At first I thought they were mosquito bites down by my ankles. Then these red, hard welts began to surface and as my agony grew, so did the red hard welts. I lost count on my legs... my arms had quite a few, including my arm pits and other places where it's not polite to scratch, and, as far north as near my eyebrows and top of my head.
I looked them up under google and they are a frightening lot. They are so small, I am relieved I can't see them penetrating my skin and sucking my skin tissue as though sucking through a straw. They say there is no creature alive that can cause more torment for its size than the chigger.
Brenda says she has never seen so many chigger bites on a person before, reminding me she has lived in Texas all of her life.
The other night, I met friends at a fun restaurant called Joe T. Garcia's in Forth Worth. It's this old house with a swimming pool in the backyard and we were seated at a table next to the pool. I took the seat next to the shrubs so I could get a better view of the pool while we sat and ate. I believe that was where the chiggers started their attack.
It is the third day. And they say the itching can continue up to 10 days and longer.
Excuse me... while I excuse myself, to go scratch . . . .
Sunday, July 31, 2005
Monday, July 25, 2005
I am in New Symrna Beach, Florida looking out over the Atlantic Ocean this very minute. I see so many walkers on the beach with their arms pumping up and down, they look more like marionettes than human beings. I have been here five days. Later this afternoon, I drive into Orlando to celebrate a friend's birthday and then fly to Dallas in the morning where I will visit more friends for another five days or so.
This is a wonderful break for me. I am not allowing myself to worry what I will do when I return back home.
A couple of days before I left, the start-up company I was working on with two friends ended for me. It really caught me off-guard. It happened so suddenly. Just three weekends ago, we talked of putting me on salary and stock options. And then the business plan suddenly turned on its heals and now going in a different direction. A direction far from my illustrations I was hired to do. They said, "we're going to put you on pause for a year." On pause.
Instead, I am fast-forwarding ahead with my life.
I do not feel afraid. I feel safe. Despite these sudden changes, I still believe I'm exactly where I'm supposed to be in my life right now. That's all I know. I don't know what that means. I can't imagine what my future holds for me. I turned a year older two days ago.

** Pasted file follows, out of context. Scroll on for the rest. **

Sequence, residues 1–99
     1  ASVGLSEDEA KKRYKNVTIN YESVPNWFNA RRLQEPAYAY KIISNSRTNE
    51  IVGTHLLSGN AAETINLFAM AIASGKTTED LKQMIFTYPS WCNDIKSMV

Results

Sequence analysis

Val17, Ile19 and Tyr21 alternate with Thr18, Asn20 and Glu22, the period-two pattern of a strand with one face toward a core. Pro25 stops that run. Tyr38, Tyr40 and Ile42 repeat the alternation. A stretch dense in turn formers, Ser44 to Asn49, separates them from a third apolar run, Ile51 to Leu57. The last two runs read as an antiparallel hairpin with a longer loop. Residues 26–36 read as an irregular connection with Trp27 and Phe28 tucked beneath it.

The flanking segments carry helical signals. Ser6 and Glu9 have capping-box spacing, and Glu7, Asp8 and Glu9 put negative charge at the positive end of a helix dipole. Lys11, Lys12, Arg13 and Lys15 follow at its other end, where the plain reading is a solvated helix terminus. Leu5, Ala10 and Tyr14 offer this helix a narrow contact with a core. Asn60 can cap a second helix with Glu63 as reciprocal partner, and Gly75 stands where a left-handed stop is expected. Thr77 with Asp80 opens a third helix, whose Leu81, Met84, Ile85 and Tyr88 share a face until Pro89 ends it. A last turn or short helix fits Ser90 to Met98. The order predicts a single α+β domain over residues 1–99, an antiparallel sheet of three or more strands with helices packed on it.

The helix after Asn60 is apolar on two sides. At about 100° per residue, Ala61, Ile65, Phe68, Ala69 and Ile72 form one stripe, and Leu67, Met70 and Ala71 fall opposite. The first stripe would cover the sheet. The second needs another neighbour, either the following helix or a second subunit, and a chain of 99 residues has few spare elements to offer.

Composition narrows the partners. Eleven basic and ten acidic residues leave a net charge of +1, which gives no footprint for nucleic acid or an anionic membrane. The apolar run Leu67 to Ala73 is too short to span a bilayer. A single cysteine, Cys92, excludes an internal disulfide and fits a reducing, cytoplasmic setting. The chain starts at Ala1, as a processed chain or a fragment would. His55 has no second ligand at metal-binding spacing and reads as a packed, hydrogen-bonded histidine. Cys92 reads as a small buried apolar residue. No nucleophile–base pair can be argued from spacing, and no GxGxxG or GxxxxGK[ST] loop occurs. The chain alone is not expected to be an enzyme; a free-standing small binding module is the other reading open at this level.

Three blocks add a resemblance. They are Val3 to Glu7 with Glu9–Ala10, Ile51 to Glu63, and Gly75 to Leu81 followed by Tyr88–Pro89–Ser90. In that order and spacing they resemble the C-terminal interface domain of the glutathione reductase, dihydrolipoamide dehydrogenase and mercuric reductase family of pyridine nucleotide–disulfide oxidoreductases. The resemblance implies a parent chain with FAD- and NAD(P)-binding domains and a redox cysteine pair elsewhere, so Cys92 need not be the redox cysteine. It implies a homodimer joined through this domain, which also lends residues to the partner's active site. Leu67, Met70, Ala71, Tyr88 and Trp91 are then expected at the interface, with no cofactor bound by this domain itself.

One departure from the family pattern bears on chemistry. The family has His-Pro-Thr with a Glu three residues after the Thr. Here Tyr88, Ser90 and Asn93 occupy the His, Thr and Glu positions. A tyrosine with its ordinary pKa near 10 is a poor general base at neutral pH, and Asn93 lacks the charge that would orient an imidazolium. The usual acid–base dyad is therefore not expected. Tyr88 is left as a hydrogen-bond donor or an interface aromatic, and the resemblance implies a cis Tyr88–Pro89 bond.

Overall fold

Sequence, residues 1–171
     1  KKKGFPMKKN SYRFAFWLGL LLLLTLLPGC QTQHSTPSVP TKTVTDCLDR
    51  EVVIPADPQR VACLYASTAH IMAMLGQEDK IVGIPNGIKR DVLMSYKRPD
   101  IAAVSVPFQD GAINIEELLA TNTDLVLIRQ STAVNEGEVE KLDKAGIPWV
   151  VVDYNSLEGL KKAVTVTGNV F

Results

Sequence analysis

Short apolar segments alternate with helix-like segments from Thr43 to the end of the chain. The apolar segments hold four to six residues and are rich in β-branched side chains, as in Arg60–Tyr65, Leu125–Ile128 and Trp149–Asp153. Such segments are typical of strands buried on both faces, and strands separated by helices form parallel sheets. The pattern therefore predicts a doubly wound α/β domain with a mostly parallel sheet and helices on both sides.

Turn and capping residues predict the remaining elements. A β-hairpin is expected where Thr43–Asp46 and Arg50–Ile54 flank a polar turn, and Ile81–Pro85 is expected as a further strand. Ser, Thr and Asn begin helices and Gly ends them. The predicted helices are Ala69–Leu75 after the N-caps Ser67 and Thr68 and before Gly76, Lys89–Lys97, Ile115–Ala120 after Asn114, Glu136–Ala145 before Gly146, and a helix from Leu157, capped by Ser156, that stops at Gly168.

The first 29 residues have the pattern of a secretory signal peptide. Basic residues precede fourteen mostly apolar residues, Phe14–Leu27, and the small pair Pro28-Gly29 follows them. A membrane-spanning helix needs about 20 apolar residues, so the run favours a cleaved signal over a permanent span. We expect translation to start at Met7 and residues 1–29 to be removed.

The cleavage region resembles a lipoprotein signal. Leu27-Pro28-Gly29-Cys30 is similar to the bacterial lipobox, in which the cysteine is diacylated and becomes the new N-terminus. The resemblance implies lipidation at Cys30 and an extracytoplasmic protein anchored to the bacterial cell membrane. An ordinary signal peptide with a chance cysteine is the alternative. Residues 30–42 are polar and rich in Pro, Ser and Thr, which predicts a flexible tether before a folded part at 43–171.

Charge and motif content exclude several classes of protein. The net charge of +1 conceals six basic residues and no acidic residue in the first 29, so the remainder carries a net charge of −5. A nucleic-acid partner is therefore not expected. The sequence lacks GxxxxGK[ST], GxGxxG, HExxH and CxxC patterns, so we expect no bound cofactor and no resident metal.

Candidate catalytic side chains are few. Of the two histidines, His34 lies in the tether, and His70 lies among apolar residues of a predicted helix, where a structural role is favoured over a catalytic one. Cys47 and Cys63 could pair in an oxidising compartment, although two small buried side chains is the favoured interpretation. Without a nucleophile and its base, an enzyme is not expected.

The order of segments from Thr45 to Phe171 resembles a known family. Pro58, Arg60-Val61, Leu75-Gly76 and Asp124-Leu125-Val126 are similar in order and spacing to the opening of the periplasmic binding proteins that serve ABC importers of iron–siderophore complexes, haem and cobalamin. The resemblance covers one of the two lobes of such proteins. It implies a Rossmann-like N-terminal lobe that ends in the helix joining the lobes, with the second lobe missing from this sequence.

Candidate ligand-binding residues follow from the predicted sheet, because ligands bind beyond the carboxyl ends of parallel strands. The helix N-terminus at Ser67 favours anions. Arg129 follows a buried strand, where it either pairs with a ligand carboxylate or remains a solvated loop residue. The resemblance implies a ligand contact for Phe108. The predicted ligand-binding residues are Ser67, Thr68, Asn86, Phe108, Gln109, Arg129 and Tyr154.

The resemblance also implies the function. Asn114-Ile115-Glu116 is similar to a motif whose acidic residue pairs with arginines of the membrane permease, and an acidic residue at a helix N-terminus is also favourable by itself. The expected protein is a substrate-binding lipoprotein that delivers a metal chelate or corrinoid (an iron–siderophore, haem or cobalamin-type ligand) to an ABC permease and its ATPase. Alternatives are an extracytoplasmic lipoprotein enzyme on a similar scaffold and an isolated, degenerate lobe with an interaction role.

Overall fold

It's a good time for a new beginning.
Saturday, July 16, 2005
Topic: Karma for www.illustrationfriday.com
I have always believe in Karma. I haven't always seen it's fruition, but I suppose it's a lot like faith. You sustain from things in the hope that you won't suffer from it later on in life.
I have known people in business who are just contaminated in lies and deceit. Their only purpose is to destroy the little guys so they could get ahead. I keep waiting and watching for Karma to come for them, but so far, all I can see is more lives destroyed and they continue on bulldozing everyone in their path reaching to new heights of success. Perhaps they are suffering in other ways I do not see.
A few years ago, I ordered a kid's meal at a fast food restaurant. When I got to the window to receive my order, the teenager handed me bags and bags of burgers, fries and onion rings and drink containers filled with soft drinks, juices and shakes. I kept handing them over to the passenger in my car, who sat in stunned silence, taking the bags and setting them all on her lap and at her feet on the floor.
As we drove off, (admittedly, I lurched forward with excess speed, as though I was the get-away car in a local robbery). She asked my why I took all that food knowing it wasn't mine.
I shouted, "KARMA!!!"
I truly believed Karma paid me a visit. I said, "It was for all the times I drove off and never received my fries or coke I ordered!!! It's PAY BACK TIME Baby! PAY BACK!!"